License compatibility of MS-PL and MS-CL (Was: (RE: Groklaw's OSI item (was: When will CPAL actually be _used_?))

Michael R. Bernstein michael at
Thu Aug 23 23:48:29 UTC 2007

On Thu, 2007-08-23 at 00:01 -0700, Rick Moen wrote:
> Quoting Michael R. Bernstein (michael at
> > No, let me amend that: It bothers me that these licenses are
> > incompatible with the entire universe of all other theoretically
> > possible licenses, including future ones, regardless of their terms.
> [...]
> > It also bothers me that this incompatibility extends not just to code
> > mixing and sublicensing, but also to multiple licensing. Multiple
> > licensing, like forking, is an unfortunate and infrequent necessity that
> > I don't think should be given up lightly.
> > 
> > I think we need to add OSD #11 to disallow this kind of gratuitous and
> > discriminatory license incompatibility. 
> Nothing in open source has ever required avoidance of licence
> incompatibilities.

True. But let's make sure we're on the same page. In my view there are
four basic ways in which a license can be inflexible that may lead to
incompatibilities with other licenses:

 The license may forbid adding restrictions

 The license may forbid removing restrictions

 The license may forbid adding permissions

 The license may forbid removing permissions

In general, I have no *particular* problem on OSD grounds with
incompatibilities arising from conflicts of this nature between

In this case though, what we have is a license that says (WRT source
distributions) that no other licenses are allowed. Period. This even
excludes licenses that have otherwise compatible terms and conditions,
even those that have *identical* terms and conditions (ie. the same
license with a name change).

To me, this seems to go beyond incompatibility per-se into

> What you're saying is that MS-CL and MS-PL create an extremely
> ghetto-ish commons within which essential freedoms are available.  That 
> may be true, but it then nonetheless _remains_ a commons within which
> essential freedoms are available.

OK, this is a valid point, and I guess I haven't explained my pov
clearly enough.

In my opinion, even though arbitrary conflicts of terms and conditions
with other licenses are acceptable (if unfortunate), arbitrarily
refusing to allow code into or out of the commons where no actual
conflict of terms and conditions exists is un-free. I suppose it is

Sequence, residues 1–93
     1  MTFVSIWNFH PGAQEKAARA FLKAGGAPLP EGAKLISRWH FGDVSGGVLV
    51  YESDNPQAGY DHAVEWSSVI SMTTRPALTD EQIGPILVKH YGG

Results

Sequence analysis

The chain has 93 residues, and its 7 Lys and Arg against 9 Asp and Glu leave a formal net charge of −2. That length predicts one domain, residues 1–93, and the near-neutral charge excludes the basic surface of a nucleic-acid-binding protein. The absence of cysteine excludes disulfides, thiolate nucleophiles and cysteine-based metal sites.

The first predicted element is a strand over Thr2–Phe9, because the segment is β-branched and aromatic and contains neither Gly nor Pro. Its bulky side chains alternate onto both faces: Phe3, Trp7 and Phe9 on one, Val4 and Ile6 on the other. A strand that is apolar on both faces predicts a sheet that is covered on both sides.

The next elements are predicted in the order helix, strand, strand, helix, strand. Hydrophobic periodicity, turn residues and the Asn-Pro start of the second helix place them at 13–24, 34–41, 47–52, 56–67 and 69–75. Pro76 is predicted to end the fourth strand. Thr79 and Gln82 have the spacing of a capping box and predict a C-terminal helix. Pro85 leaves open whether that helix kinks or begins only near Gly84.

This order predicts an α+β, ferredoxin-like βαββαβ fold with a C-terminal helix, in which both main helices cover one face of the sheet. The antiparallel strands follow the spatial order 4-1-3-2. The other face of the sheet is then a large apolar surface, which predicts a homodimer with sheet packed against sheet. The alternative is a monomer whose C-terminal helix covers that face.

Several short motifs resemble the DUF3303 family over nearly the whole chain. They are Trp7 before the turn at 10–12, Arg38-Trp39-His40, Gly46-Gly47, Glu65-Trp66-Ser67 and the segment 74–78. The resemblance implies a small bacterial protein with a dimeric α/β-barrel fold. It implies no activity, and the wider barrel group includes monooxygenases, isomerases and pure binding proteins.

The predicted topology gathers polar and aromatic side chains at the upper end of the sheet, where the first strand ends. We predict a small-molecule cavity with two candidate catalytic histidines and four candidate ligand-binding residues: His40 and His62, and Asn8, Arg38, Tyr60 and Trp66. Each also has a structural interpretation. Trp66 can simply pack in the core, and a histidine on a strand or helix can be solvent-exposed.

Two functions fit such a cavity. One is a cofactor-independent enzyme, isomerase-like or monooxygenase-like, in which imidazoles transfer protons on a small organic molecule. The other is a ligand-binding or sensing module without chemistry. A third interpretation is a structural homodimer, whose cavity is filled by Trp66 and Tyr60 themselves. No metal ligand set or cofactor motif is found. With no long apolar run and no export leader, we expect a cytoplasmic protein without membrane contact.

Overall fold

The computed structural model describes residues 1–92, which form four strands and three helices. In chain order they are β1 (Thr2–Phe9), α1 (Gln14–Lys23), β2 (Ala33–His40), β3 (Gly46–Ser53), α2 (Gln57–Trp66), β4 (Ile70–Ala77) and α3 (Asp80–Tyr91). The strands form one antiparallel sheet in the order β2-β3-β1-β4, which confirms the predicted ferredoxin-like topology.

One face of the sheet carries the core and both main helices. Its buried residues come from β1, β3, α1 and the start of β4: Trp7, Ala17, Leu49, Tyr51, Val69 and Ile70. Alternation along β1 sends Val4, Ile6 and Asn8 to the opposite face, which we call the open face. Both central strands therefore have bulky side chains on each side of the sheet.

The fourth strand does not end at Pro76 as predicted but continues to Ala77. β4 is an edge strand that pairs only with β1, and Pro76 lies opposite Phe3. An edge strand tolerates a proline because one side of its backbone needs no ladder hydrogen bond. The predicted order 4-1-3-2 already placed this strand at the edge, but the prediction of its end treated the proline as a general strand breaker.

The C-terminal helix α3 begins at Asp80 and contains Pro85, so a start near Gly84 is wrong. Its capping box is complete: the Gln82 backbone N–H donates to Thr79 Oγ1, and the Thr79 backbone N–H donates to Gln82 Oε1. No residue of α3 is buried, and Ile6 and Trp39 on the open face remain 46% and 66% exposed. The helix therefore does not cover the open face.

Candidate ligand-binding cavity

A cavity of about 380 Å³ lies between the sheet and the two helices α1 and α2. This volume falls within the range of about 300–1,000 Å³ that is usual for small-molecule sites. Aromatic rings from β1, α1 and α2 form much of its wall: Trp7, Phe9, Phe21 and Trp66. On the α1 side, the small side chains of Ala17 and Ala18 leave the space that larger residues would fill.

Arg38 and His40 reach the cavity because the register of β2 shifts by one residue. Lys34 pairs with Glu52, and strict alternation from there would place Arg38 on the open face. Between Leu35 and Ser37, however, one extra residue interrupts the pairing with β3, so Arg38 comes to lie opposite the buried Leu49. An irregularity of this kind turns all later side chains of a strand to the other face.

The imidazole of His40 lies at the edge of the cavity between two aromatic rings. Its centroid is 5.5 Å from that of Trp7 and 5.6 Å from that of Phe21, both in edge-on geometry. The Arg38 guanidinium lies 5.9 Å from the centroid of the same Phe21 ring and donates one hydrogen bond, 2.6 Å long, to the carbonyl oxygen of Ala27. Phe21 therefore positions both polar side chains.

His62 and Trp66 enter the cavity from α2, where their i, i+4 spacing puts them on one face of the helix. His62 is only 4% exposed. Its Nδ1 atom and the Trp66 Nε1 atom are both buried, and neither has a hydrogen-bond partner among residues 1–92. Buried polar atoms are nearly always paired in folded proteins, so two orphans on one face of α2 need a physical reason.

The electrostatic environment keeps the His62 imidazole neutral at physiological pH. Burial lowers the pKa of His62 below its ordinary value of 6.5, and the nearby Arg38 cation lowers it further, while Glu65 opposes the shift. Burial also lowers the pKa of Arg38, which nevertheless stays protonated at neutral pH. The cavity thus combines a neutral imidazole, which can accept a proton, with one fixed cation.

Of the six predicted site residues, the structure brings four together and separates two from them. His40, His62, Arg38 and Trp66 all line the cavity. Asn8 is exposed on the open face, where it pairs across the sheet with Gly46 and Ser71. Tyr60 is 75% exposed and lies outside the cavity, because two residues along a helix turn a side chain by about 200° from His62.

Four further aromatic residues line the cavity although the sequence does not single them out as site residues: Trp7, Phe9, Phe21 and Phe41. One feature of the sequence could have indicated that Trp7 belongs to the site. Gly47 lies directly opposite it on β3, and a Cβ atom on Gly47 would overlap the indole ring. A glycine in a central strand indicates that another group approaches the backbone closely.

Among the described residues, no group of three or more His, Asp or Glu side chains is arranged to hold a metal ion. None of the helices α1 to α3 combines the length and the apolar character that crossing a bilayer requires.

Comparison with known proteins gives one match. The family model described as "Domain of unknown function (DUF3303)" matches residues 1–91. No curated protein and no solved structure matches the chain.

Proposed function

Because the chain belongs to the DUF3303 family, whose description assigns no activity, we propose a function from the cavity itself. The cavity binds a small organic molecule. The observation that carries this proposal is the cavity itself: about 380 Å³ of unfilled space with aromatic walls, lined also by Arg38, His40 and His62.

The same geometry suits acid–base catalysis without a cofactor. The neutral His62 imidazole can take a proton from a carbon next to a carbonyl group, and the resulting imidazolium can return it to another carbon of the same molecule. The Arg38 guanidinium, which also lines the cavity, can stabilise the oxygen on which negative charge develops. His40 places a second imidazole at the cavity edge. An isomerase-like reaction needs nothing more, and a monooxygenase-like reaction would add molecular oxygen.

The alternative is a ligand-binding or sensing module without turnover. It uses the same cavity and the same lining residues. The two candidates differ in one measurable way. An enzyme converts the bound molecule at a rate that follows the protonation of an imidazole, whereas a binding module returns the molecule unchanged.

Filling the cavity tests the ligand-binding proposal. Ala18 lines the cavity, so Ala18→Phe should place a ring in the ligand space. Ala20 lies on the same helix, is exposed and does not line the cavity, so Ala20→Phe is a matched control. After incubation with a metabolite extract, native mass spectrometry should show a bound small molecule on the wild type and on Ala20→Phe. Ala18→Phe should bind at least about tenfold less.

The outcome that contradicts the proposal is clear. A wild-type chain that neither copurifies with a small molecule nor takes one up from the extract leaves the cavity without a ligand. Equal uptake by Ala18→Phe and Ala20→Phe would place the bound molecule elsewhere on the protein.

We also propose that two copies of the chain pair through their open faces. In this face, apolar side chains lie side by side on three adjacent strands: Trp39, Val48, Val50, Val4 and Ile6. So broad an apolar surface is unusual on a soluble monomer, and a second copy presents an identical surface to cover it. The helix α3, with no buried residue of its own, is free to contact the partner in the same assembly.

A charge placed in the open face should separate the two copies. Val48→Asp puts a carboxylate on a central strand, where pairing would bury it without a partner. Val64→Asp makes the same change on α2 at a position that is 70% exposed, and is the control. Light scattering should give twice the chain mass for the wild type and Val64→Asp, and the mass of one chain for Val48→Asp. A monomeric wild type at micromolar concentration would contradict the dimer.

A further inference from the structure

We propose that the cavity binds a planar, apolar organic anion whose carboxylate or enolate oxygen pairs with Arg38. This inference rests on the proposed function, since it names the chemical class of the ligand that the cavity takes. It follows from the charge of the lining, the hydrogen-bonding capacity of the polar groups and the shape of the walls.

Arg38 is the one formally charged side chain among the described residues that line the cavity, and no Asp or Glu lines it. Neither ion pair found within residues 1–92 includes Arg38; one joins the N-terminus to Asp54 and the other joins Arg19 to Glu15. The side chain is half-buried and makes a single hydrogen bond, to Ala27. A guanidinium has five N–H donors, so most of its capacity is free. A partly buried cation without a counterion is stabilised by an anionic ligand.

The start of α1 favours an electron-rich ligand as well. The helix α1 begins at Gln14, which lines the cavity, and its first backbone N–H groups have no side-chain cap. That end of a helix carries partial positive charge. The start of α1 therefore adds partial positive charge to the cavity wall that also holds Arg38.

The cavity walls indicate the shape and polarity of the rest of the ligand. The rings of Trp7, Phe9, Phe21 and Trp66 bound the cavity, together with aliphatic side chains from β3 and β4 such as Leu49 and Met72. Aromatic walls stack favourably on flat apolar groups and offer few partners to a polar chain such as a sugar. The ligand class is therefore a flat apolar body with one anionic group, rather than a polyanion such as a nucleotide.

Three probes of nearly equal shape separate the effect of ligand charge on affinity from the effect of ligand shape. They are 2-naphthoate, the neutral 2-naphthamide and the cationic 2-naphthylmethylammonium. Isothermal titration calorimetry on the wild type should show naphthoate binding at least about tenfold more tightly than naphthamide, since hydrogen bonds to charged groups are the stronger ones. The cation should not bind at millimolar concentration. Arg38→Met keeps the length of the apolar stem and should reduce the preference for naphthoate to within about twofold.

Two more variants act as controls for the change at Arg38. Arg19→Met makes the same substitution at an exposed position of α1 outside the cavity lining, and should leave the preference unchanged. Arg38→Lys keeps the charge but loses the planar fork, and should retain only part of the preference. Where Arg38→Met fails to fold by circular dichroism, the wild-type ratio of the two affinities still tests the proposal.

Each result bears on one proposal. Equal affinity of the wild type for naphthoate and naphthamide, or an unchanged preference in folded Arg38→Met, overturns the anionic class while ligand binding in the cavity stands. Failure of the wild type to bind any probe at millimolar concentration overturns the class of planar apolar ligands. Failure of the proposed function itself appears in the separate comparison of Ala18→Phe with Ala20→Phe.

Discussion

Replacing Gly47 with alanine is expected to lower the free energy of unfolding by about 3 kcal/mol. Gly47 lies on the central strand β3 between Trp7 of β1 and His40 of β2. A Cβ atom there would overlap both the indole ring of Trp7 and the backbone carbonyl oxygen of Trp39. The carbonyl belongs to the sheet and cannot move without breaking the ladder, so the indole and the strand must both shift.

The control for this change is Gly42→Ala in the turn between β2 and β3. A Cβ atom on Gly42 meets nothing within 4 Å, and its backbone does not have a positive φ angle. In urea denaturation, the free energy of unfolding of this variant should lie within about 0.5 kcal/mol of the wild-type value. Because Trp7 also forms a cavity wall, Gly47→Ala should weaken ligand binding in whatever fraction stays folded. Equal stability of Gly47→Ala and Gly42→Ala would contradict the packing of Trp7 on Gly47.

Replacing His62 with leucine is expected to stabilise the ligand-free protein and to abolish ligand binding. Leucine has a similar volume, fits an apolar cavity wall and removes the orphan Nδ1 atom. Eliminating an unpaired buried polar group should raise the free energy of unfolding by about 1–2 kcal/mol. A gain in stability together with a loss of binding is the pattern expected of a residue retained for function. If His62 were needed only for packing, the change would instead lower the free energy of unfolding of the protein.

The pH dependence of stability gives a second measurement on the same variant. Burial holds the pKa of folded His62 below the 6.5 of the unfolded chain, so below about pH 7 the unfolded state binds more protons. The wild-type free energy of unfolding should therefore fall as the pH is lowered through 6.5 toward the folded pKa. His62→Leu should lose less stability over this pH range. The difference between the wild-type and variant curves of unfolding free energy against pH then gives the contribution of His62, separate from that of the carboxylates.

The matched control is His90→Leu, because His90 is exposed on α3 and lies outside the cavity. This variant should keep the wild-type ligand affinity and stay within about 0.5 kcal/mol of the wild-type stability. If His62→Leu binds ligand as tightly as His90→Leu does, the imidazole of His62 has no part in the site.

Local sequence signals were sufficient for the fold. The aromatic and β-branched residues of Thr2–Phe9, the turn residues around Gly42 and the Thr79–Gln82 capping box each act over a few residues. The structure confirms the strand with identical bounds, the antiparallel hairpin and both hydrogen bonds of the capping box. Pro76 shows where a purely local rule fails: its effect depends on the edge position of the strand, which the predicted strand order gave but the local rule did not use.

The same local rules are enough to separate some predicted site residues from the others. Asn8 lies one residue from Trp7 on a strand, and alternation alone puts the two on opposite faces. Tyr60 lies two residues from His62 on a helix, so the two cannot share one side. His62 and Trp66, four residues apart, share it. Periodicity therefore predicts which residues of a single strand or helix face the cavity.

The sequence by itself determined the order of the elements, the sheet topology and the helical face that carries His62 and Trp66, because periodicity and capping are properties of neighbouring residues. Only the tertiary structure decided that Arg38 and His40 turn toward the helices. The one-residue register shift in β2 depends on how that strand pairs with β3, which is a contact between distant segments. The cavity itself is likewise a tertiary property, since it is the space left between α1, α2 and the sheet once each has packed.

un-necessarily abridging the freedom to modify.

To continue your analogy, this is a ghetto where people may enter and
leave freely as long as they strip themselves of all possessions and
clothing, with no exceptions. Nothing is stolen, no taxes are levied,
everything you leave behind will still be there if and when you return
or exit, but you can't take anything with you in either direction. More
importantly, there is no reason for it except control-freakery. This may
fit some theoretical definition of freedom, but do you truly not see a
problem here?

> Nothing in open source has ever, to date, barred the creation of badly
> conceived commonses that will likely eventually fall flat on their
> faces.
>   The proper remedy, IMVAO, is to watch and _find out_ whether
> they fall flat on their faces.  And meanwhile, you're free to tell
> people "That's a sucky licence."  News flash:  The OSI approved list
> includes many sucky licences, already.

True, but on this list we've occasionally discouraged sucky licenses
from completing the approval process. And as I said, I think that these
licenses are not just sucky, but also mildly un-free, even though the
OSD does not currently exclude this particular flavor of un-freedom.

> > Or perhaps this: A license may not discriminate against other licenses
> > or groups of licenses.
> Nice can of worms you have there.  Make sure you have plenty of room.
> ;->

I don't really think this is a can of worms. I've repeatedly stated that
incompatibilities aren't objectionable in and of themselves. I just
think there is a difference between a license that is incompatible with
other licenses (for example reciprocal licenses) due to a conflict of
terms and conditions and one that baldly says "the GPL is excluded" or
"reciprocal licenses are excluded".

In this case, of course, what I object to is the MS-PL excluding *all*
other licenses from source distributions, which though it is certainly
even-handed in it's contempt, I still find discriminatory.

- Michael R. Bernstein
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